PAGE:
In real life, Gadd exorcised these demons with greater premeditation: his high-concept one-man shows about both experiences were hits at the Edinburgh Fringe Festival. “Baby Reindeer” sidesteps some ethical questions with its comparatively helpless, almost unwitting hero—the implication, for example, that his indulgence of Martha is unrelated to the material she can provide rings a bit hollow, given that Gadd has constructed a TV series with her as the hook. But there’s catharsis to be found in the clarity with which Donny recounts what happened to him, and in his readiness to acknowledge both his missteps and the depths of his fascination. Rather than vilify his stalker, he deliberately teases out the parallels between them, showing how easily a moment of vulnerability—or of validation—can spiral into obsession. In doing so, he brings narrative cohesion to the chaos, producing a tightly controlled confessional that forges an almost too close bond with the viewer—and illuminates the dark, strange paths that shame can trick us into taking.

The very human messiness of attempting to apportion blame also drives the new Hulu crime drama “Under the Bridge.” The limited series is based on the real-life murder of a fourteen-year-old Indian Canadian girl named Reena Virk, in 1997, but it’s pointedly not a whodunnit—the circumstances of the beating by her peers that preceded her death, and the culprit who dealt the final blow, are revealed surprisingly swiftly. The show’s true interest lies in the trial that follows, and in the dynamic between the girls from a local group home, called the Bic Girls for their perceived disposability, and the uncool, middle-class, tragically impressionable Reena (Vritika Gupta). Some days, she’s in with the Bic Girls; other days, she couldn’t be more on the outs. Her frenemies are quickly implicated in her killing, and the suspense derives from who’ll be judged most responsible—an answer that hangs almost entirely on how much adult support each teen can rely on, and whom it’s easiest for the police and the prosecutor to spin a story around.

“Under the Bridge” is adapted from a book by Rebecca Godfrey, who stumbled upon the investigation after returning to her home town of Victoria, British Columbia, around the time of Reena’s disappearance. The series creator, Quinn Shephard, inserts a version of the author, who died shortly before filming, into the story; the fictionalized Rebecca is played by a disaffected, chain-smoking Riley Keough, styled like grunge-era Winona Ryder. Rebecca is writing a book nebulously centered on the town’s “misunderstood girls” until Reena’s case becomes its sole focus. Talking to an old friend (Lily Gladstone), a policewoman probing the “schoolgirl murder,” she expresses the hope of producing something in the vein of Truman Capote’s “In Cold Blood.” The comparison isn’t flattering. Like Capote, Rebecca gets overly attached to one of the suspects, a baby-faced gangster named Warren (Javon Walton), who reminds her of her long-dead brother. Rebecca, still youthful enough to pass herself off as a college student, identifies too closely with the teens on the margins—minutes after she’s introduced, she’s sitting cross-legged on a girl’s bed, offering her a cigarette. The eschewal of journalistic distance gets her sources to talk; it also prevents her from evaluating their testimony clearly.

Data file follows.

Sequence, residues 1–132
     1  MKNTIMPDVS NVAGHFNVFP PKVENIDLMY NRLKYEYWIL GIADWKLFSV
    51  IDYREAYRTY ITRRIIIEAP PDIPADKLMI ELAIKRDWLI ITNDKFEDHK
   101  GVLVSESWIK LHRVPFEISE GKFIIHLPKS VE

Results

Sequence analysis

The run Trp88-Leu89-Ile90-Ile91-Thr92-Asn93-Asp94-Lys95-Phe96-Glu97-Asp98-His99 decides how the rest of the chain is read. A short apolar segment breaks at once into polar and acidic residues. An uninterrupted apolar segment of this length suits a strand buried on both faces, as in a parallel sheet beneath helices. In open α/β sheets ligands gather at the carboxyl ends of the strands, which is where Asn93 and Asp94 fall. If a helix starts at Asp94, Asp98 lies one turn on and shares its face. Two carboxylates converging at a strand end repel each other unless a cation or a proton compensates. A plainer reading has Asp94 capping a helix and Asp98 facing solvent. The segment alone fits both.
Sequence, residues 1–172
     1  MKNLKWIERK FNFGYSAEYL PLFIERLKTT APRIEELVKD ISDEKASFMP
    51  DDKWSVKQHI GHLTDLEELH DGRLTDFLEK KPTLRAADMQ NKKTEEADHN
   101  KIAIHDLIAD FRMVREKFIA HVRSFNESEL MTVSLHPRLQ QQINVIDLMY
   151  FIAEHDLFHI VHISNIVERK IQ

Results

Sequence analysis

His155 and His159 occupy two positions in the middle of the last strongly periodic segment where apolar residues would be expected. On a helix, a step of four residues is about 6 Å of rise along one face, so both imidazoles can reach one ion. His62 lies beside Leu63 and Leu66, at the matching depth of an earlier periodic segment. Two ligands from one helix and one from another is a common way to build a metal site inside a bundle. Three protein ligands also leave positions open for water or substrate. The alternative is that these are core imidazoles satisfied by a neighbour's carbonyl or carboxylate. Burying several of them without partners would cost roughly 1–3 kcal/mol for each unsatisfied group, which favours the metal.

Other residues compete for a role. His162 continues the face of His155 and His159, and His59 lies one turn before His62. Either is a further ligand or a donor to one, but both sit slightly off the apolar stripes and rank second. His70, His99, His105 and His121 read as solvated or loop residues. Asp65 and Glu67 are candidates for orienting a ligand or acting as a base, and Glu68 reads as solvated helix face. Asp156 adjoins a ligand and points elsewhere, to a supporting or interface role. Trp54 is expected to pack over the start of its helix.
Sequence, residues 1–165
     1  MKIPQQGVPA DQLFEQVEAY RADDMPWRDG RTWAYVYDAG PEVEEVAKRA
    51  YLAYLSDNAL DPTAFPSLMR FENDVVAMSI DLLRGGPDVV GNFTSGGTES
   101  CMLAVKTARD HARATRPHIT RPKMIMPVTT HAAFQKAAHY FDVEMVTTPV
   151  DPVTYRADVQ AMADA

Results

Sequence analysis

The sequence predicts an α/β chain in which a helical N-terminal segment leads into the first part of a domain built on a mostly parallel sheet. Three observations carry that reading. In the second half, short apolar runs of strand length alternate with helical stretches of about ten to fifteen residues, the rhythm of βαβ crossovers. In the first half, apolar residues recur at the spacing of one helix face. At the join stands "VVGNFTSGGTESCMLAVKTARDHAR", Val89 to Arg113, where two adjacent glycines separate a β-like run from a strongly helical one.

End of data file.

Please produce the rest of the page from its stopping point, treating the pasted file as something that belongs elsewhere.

The show’s incessant leaps back and forth in time and exhaustive exposition, including an episode dedicated to the history of Reena’s family and their immigration to Canada, leave it feeling bloated and occasionally preachy. But, with a soundtrack of Nirvana and the Notorious B.I.G., the project is also enlivened by a distinctly nineties verve. The spirit of the era is best embodied by Jo (a pitch-perfect Chloe Guidry), a Bic Girl who sports barrettes, crop tops, pencil brows, and a heart-shaped locket that holds a photo of her idol, the mafioso John Gotti. Her callow bravado—fuelled, perhaps, by a turbulent home life that we learn just enough about—renders her both naïve and vicious; the series is built on a bone-deep understanding of how dopey and dangerous adolescent girls can be, often in the same breath. Jo, the ringleader, puts out a cigarette between Reena’s eyes, in a mock bindi, on the night of her death. That act of racial othering may have encouraged her accomplices—the group was eventually known as the Shoreline Six—to see Reena as even more expendable than they were. To make sense of the tragedy, Rebecca reaches for the gothic, comparing it to a fairy tale. Such stories, she says, are about “girls punished for selfishness—or for no reason at all.” ♦